BREATHITT COUNTY, Ky. (WTVQ) – Politicians are pouring into flood damaged Eastern
Kentucky to tour the damage, but everyone wants to know when federal help will arrive.
Fifth District Republican U.S. Rep. Hal Rogers visited Breathitt County and brought trucks full of supplies with the organization, Operation Unite. He said he expects federal aid to be immediate once the state submits the request.
And the damage is widespread, from individual homes and businesses to water districts, electric utilities and roadways.
Right now, the state is asking for everyone’s help reporting flood damage so it can put together that request.
“We’ll see to it that the White House approves that request whenever it’s perfected and
brought up there,” Rogers said. “In the mean time, we’ll keep pressure on the feds to do their thing.”
Jacob Banks was one of many people lined up Friday to get cases of water at Breathitt County High School.
“It’s heartwarming to see so much of the community come together,” Banks said.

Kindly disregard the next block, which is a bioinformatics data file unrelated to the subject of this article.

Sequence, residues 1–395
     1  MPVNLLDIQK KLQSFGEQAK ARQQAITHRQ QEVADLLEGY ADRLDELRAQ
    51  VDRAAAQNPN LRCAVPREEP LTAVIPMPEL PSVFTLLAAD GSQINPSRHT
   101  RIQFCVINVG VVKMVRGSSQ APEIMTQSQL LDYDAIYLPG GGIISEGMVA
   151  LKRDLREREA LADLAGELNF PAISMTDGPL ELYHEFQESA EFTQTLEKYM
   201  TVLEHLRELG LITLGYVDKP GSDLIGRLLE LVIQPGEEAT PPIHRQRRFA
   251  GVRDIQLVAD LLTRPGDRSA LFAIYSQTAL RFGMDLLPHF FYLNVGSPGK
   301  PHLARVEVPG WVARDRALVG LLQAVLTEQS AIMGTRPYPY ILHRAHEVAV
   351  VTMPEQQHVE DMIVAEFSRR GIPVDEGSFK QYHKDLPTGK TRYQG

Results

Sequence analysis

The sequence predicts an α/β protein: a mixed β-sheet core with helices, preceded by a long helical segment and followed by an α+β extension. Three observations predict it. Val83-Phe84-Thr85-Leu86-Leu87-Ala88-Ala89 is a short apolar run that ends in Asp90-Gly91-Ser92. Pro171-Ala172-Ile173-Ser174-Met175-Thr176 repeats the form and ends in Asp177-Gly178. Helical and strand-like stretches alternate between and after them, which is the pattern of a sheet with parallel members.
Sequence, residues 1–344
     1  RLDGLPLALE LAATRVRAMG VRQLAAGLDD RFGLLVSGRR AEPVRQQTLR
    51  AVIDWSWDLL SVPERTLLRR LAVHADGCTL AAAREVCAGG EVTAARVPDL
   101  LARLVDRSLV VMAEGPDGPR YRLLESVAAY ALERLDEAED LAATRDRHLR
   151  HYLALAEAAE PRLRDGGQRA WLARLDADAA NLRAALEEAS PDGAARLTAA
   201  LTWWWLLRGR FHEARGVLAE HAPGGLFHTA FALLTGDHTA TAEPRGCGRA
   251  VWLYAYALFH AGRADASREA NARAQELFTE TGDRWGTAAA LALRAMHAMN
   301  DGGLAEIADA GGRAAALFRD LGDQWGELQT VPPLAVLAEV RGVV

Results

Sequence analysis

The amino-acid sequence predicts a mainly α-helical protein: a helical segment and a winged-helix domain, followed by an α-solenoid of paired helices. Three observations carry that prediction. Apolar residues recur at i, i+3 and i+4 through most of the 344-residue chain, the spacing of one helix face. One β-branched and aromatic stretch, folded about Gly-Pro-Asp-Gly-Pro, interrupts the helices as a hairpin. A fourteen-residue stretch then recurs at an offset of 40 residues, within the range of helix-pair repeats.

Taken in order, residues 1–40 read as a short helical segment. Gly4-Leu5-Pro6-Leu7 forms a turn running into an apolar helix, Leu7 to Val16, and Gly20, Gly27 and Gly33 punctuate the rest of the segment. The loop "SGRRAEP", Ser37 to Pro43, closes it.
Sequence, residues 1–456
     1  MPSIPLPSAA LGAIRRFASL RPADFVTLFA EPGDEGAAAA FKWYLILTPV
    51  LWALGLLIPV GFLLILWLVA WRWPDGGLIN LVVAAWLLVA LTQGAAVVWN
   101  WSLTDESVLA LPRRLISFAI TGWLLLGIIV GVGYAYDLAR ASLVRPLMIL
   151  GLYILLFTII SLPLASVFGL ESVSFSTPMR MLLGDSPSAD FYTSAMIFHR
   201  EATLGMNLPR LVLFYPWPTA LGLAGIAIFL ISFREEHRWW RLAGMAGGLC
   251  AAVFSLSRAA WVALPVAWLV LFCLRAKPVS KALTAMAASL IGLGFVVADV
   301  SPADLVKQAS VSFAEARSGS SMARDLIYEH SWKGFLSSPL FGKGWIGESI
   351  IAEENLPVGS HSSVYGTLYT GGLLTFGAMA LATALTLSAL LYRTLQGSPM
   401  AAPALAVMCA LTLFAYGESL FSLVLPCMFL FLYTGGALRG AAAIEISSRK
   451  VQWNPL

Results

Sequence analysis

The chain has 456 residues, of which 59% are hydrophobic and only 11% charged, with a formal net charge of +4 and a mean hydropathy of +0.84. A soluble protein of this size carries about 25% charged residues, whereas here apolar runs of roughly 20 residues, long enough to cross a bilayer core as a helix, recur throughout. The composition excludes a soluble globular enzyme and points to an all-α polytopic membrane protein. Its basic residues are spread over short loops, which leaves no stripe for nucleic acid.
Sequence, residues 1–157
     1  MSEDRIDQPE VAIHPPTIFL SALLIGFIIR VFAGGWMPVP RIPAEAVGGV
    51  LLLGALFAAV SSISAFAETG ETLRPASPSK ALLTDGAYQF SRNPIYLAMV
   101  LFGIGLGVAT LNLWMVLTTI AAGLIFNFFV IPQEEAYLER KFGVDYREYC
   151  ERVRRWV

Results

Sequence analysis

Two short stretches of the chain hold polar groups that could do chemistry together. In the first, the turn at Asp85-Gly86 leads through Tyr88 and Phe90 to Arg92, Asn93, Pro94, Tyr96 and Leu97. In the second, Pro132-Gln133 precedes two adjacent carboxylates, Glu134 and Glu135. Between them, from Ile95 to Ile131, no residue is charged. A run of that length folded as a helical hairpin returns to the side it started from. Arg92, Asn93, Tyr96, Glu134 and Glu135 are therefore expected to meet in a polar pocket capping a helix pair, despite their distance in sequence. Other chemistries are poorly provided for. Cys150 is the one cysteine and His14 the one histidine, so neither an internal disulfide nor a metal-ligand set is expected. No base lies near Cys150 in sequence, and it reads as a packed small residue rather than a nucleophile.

Though his car was destroyed, Banks said he’s fortunate his home wasn’t flooded like many of his neighbors.
“To me, it’s been the worst flood we’ve had here in the 67 years I’ve lived here,” said Larry Strong, who was also in line.
Strong said his son is one of those flood victims, and his own home has severe damage. He said he’s thankful for drives like the one Friday and Rogers took the time to visit.
“We really appreciate the help,” Strong said. “We sure do. We need more help. We sure do.”
Former U.N. Ambassador Kelly Craft and her husband, Joe, an Eastern Kentucky native, also made the trip to Breathitt County.
They said they donated supplies to Operation Unite after trying to figure out ways to get involved.
“I experienced the flood of 1957,” Joe Craft said. “We lost everything. I remember as a child I lost all my puzzles. It was the worst thing in my life at that time in my life.”
Whether visiting or living there, most people who have seen the damage all say one thing is true: Eastern Kentucky is resilient, and will get through this together.
“It seems like we go through some tough times and stuff, but we always come back and we always make it,” Strong said.
Rogers visited Jackson, Booneville and Beattyville.